Virginia Construction Disputes: What happens if a building contractor’s work is allegedly defective?

This article is written to briefly explain what the remedies are when there is a dispute over whether a building contractor has used defective materials work for workmanship. My office is available to represent both plaintiffs and defendants in construction contract cases. Give my office a call to discuss your specific facts.

Virginia Warranties Covering a Contractor’s Work
In Virginia, when a building contractor’s work gives rise to an automatic implied warranty of workmanship. Any implied warranty does not need to be stated in any contract and is automatically assumed for a building contractor’s work. The Supreme Court of Virginia has held that a building contractor has the implied contractual duty to build a house in a workmanlike manner. Mann v. Clowser, 190 Va. 887, 901, 59 S.E.2d 78, 84 (1950). Of course, they may also be express warranties contained in the contract between the parties. You would have to read the contract more carefully to determine if such express warranties exist.

The contractor defaults/breaches the contract if they use defective materials or poor workmanship. The question of whether a builder has used defective materials or workmanship is a questions of fact. Typically, these types of cases require expert testimony from other contractors as to how the materials or workmanship were defective.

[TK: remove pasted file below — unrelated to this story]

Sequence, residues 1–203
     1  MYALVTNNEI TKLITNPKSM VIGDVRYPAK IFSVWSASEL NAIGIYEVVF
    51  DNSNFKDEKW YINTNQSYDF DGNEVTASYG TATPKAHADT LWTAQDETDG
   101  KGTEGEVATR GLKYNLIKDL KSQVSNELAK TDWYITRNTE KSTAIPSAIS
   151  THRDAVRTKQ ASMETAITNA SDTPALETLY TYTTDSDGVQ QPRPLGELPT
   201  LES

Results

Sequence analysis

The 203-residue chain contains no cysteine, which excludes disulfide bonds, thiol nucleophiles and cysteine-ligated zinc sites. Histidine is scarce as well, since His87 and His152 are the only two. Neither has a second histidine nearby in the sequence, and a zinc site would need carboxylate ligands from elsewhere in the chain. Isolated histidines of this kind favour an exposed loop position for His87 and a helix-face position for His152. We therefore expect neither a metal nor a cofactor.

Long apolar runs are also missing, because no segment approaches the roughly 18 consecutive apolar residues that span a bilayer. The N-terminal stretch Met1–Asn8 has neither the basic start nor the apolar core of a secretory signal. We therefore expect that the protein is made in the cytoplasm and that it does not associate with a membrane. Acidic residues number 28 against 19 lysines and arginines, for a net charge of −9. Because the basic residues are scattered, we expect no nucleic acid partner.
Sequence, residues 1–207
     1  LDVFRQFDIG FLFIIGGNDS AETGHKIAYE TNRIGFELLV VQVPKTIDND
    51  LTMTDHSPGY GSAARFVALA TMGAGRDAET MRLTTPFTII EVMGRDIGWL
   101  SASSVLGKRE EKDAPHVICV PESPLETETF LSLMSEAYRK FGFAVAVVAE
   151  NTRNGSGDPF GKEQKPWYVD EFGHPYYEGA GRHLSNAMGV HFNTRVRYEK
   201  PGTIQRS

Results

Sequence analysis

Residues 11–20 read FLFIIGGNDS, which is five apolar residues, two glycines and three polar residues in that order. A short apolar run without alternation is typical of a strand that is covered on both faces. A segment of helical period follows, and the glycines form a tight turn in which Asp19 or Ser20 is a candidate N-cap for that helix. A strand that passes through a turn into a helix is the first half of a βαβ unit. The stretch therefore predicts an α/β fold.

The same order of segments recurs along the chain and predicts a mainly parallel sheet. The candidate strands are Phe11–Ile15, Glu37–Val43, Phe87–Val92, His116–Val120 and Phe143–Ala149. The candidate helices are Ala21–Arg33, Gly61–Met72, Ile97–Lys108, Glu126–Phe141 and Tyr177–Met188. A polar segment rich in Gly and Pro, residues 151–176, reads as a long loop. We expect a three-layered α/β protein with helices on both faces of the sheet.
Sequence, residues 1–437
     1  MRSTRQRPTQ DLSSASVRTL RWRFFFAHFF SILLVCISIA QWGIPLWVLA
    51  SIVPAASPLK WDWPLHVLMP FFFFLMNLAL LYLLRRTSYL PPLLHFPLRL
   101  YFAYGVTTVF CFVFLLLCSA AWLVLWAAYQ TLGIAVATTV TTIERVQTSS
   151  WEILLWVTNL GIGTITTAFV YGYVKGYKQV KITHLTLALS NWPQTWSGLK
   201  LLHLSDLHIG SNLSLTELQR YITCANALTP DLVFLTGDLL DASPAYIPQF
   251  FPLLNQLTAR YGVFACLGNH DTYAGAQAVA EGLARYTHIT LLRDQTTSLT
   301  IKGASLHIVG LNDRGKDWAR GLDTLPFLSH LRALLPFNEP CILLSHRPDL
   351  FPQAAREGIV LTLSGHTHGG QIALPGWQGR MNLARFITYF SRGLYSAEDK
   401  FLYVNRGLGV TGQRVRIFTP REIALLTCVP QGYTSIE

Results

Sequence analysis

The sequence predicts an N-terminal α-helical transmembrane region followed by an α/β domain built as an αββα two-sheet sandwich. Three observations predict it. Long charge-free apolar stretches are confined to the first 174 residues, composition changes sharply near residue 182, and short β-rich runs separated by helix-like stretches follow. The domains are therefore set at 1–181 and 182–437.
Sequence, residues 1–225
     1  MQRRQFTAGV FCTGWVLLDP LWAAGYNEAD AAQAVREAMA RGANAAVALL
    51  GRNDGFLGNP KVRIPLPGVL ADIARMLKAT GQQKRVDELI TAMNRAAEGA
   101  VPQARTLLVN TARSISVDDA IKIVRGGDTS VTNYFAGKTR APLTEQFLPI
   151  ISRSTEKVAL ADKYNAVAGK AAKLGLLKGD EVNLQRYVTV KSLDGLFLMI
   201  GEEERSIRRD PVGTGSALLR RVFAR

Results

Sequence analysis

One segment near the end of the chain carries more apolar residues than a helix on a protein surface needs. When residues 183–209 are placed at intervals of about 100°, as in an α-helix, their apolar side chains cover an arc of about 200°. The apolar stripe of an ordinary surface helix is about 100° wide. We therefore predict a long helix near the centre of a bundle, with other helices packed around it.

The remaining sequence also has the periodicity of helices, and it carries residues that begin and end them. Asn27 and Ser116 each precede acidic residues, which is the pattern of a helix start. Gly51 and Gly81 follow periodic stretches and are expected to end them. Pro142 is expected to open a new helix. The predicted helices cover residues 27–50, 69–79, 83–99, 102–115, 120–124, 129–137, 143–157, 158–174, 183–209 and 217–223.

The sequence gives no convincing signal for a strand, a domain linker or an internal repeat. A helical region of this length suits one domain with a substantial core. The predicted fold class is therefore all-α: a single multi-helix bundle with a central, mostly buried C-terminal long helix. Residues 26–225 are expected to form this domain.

What damages may a building contractor be liable for in these cases?
This is a contract law question. Typically, the damages available to the aggrieved party will be expectation damages. This means that the court would determine compensation based upon the amount of money required to put injured (non-breaching) party in the same position they would be in if the contractor had performed the work properly. The exact dollor figure for expectation damages will most likely be the reasonable cost of completing or correcting the faulty materials or workmanship. Mann, 190 Va. at 90. Once again, this requires expert testimony as contractors will often arrive at different amounts for what is “reasonable costs.”

I have often been asked whether there are other damages available to the aggrieved party in these construction breach of contract cases. The other type of damages which may be available is consequential damages. Consequential damages are damages that arise from special circumstances actually foreseen or reasonably foreseeable by the parties when they made the contract. Virginia Tech. v. Interactive Return Service, 267 Va. 642, 654, 595 S.E.2d 1 (2004). Many times, individuals get confused by consequential damages. This is not a chance to pile on every imaginable harm that might have stemmed from the contractor’s work. In order for the aggrieved party to be awarded consequential damages, the contractor must have actually or reasonably foreseen that these extra damages might have occurred at the time of contract.

If you have any questions about the above article, please contact my office. I am available to represent both contractors and those who feel that defective materials or poor workmanship were used. I look forward to hearing from you and learning how I may be of assistance.

Ryan C. Young |  Richmond, Virginia Attorney

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